Sample size and power
The power calculations are described in detail in the pre-registration. We combined the data from the first two measurement points of data sets 2–4, leading to a sufficiently powered sample size of N = 690 competence ratings (see Supplementary material 3 for an overview of the sample sizes per data set).
Deviations from the preregistration
We differed from the original pre-registration in the following ways: (1) Before conducting the analyses, we decided to refrain from using the Authenticity of Patient Demonstrations (50) as a discriminant measurement, because it is not related to therapist behavior but to the performance of simulated patients. (2) We analyzed N = 690 instead of N = 414 videos, as indicated in the pre-registration, because therapists in data sets 2 and 3 produced two videos (instead of one) per measurement point, due to there being two different tasks in the corresponding study (7). (3) We used Finn’s r as an additional inter-rater reliability coefficient, because, during the test of pre-requisites for using ICCs, we discovered that the data were skewed. In such cases, Finn’s r for ordinal data is recommended, because it is not influenced by low variances (51, 52); interpretation according to Pearson’s correlation) (4). Due to an unexpectedly poor model fit, we decided to calculate an exploratory structural equation modeling (ESEM) in addition to a confirmatory factor analysis (CFA).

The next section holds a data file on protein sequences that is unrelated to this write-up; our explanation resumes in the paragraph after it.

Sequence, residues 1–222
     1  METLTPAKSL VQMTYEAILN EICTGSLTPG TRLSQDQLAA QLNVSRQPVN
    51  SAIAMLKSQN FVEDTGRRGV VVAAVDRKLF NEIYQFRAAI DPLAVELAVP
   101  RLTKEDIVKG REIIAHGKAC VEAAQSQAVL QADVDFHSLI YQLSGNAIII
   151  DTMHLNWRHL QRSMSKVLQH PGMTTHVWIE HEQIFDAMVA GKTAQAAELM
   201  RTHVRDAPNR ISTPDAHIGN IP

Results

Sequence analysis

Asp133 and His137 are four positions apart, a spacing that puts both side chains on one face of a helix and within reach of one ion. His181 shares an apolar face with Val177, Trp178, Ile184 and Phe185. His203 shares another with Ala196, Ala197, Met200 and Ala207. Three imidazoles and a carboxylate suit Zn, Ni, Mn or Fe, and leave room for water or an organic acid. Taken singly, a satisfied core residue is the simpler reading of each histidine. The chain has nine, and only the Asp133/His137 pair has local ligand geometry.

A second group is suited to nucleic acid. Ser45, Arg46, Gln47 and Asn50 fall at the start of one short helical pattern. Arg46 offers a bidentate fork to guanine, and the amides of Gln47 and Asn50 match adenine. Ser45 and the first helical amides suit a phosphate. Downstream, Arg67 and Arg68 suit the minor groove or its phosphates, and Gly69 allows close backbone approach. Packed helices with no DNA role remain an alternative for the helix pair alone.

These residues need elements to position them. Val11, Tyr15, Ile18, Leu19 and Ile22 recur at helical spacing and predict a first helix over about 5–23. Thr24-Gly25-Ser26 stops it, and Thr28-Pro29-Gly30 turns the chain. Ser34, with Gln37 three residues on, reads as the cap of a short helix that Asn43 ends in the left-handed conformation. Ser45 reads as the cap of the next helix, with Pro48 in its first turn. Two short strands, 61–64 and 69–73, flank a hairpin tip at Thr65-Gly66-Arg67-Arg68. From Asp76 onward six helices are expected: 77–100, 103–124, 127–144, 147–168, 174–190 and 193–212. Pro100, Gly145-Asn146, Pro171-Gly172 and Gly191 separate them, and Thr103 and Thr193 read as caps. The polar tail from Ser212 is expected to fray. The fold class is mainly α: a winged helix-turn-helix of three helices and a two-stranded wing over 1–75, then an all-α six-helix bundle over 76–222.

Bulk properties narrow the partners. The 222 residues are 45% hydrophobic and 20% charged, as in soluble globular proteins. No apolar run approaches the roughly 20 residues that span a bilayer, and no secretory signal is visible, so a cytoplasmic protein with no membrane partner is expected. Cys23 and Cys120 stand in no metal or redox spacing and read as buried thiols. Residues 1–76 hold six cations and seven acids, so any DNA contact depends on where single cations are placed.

The descriptive statistics and correlations for the CCSS and CCSS-S can be found in Table 1.
The one-factor CFA for the CCSS-S resulted in a borderline model fit, CFI = 0.90, RMSEA = 0.11, and SRMR = 0.05. Therefore, we decided to perform an additional exploratory analysis to better understand the factorial structure. We used exploratory structural equation modeling (ESEM) (53), which is intended to result in a more realistic representation of the data, because cross-loadings between items are allowed, just as in exploratory factor analysis, but not in CFA (54). To avoid bias that results from multiple analyses of the same data, we used a partly new data set for this analysis, namely the full data sets 2 and 3 including all three measurement points (N = 718 ratings; see Supplementary material 3).